The U.S. Food and Drug Administration has approved Duloxetine, a generic version of Cymbalta (duloxetine), for treating fibromyalgia, depression, and anxiety, according to the generic’s maker, Solco Healthcare U.S.
In addition to fibromyalgia, Duloxetine, the active ingredient in Cymbalta, is used to treat serious depression in adults, and anxiety in adults and children 7 years and older.
Scientists say Duloxetine works by increasing levels of the neurotransmitters serotonin and noradrenaline in the nervous system.
“We are pleased to receive this FDA approval, which adds to our growing line of central nervous system acting agents,” Hai Wang, president of Solco Healthcare, said in a press release. “We continue to strengthen our presence within the U.S. generic market by providing high-quality medicines at affordable prices.”
Time-released Duloxetine capsules are available in three formulations: 20, 30 and 60 mg.
Hallmarks of fibromyalgia include chronic musculoskeletal pain, extreme fatigue, and sleep and mood disturbances. Patients can also experience psychological distress, including depression and anxiety. They often use antidepressants to help cope with these problems.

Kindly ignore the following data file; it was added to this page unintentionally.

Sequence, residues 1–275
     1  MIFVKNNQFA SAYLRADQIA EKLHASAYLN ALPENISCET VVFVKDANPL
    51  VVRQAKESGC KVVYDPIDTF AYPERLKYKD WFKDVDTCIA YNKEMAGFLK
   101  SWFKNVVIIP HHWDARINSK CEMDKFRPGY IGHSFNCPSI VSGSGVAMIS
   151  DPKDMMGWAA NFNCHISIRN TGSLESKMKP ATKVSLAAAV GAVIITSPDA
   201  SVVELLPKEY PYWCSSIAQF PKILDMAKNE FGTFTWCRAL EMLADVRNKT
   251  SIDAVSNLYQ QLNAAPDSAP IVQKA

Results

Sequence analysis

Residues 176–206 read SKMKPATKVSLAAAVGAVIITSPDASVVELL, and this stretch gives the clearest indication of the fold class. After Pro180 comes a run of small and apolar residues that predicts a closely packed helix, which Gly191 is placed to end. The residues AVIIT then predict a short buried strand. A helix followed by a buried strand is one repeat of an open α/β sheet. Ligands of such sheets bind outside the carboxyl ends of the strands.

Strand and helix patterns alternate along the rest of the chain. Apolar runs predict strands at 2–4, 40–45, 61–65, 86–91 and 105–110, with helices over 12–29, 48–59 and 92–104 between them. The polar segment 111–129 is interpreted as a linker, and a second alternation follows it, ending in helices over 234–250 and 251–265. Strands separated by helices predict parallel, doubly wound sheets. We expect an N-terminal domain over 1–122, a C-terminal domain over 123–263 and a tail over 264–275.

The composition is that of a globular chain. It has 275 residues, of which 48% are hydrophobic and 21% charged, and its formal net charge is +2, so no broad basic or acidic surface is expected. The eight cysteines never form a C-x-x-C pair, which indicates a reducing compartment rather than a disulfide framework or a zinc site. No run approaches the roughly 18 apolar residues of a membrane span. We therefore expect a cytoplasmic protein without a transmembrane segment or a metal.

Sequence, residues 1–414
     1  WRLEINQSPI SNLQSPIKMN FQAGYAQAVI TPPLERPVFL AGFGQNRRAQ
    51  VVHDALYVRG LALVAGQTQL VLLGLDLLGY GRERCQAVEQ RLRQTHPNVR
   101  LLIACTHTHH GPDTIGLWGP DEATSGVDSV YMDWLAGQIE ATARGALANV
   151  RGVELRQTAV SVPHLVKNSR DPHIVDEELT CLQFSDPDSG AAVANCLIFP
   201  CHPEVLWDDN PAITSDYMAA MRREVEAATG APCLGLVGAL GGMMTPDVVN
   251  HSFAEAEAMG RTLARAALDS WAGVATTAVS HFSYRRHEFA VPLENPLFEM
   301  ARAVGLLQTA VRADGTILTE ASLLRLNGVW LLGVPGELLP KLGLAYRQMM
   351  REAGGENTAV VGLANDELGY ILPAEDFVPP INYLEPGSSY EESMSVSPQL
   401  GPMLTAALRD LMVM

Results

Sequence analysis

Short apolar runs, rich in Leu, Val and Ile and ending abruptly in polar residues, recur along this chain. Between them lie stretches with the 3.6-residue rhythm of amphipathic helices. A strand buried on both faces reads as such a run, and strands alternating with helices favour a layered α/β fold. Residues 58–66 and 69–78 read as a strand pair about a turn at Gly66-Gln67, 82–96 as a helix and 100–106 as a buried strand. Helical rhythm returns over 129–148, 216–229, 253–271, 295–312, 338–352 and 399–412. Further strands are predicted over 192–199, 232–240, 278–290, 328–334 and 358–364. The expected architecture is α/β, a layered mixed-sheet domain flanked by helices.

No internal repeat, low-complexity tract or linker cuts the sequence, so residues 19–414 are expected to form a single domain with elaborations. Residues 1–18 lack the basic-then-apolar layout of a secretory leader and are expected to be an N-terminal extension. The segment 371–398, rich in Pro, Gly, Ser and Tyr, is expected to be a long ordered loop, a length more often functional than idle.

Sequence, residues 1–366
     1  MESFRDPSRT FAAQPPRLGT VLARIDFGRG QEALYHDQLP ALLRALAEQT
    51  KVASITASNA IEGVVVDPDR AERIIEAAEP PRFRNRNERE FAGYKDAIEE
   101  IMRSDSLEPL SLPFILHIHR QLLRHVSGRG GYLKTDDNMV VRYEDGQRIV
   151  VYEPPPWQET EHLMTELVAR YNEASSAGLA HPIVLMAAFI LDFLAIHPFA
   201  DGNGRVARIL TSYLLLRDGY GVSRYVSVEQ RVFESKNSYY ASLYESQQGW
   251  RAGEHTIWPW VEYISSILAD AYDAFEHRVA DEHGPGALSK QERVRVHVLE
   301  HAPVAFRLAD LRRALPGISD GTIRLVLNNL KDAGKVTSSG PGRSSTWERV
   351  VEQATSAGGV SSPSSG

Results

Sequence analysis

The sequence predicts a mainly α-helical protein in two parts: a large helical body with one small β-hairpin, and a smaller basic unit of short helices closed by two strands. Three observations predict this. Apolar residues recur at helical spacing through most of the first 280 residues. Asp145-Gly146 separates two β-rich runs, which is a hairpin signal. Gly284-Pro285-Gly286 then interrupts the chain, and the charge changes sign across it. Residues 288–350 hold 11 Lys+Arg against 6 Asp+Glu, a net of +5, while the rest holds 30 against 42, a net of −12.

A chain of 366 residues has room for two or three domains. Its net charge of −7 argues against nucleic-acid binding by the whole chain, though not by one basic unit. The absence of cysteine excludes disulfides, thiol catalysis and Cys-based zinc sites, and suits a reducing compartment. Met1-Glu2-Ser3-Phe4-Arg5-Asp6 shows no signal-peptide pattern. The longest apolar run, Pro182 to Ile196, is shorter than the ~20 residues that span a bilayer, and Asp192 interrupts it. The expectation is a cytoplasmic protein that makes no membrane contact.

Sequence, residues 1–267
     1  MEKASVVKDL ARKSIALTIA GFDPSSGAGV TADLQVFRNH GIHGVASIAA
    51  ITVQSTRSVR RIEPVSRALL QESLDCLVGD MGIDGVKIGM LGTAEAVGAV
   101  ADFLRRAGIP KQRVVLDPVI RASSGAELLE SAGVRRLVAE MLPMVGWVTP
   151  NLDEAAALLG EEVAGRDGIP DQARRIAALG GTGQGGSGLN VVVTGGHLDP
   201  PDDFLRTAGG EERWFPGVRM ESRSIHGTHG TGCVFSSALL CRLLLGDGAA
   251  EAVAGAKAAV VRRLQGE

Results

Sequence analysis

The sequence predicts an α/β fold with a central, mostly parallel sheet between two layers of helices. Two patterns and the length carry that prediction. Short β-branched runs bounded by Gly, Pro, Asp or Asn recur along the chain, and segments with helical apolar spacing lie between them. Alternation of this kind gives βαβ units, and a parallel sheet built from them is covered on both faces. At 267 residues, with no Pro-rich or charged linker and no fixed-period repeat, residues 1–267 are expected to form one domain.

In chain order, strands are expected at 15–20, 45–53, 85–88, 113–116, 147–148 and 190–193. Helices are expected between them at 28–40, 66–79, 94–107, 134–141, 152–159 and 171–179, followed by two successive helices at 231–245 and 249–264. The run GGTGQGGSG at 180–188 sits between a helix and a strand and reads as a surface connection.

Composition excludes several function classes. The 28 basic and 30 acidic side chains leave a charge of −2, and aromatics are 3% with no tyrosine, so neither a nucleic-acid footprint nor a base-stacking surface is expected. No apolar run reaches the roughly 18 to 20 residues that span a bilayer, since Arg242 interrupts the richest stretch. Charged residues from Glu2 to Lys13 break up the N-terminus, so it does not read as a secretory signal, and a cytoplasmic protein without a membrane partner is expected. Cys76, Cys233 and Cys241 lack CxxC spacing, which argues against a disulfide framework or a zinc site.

Previous studies have shown that duloxetine benefits fibromyalgia patients.
In a clinical trial, researchers at the University of Turin in Italy compared duloxetine’s benefits in fibromyalgia patients with those of the depression treatment acetyl L-carnitine.
Both duloxetine and acetyl L-carnitine reduced depression and pain, and improved patients’ physical quality of life. But only duloxetine improved patients’ psychological quality of life.
A Phase 3 clinical trial in Japan (NCT01552057) assessed duloxetine’s safety and effectiveness in 393 people with fibromyalgia. The patients were randomly assigned to receive either duloxetine or a placebo once a day for 14 weeks.
Duloxetine did a significantly better job than a placebo in relieving fibromyalgia patients’ pain and improving both their other symptoms and quality of life. It was also safe, and patients tolerated it well.
Fibromyalgia affects an estimated 5 million to 15 million Americans, especially women. Experts say there is a pressing need for therapies to address the many facets of the disease.
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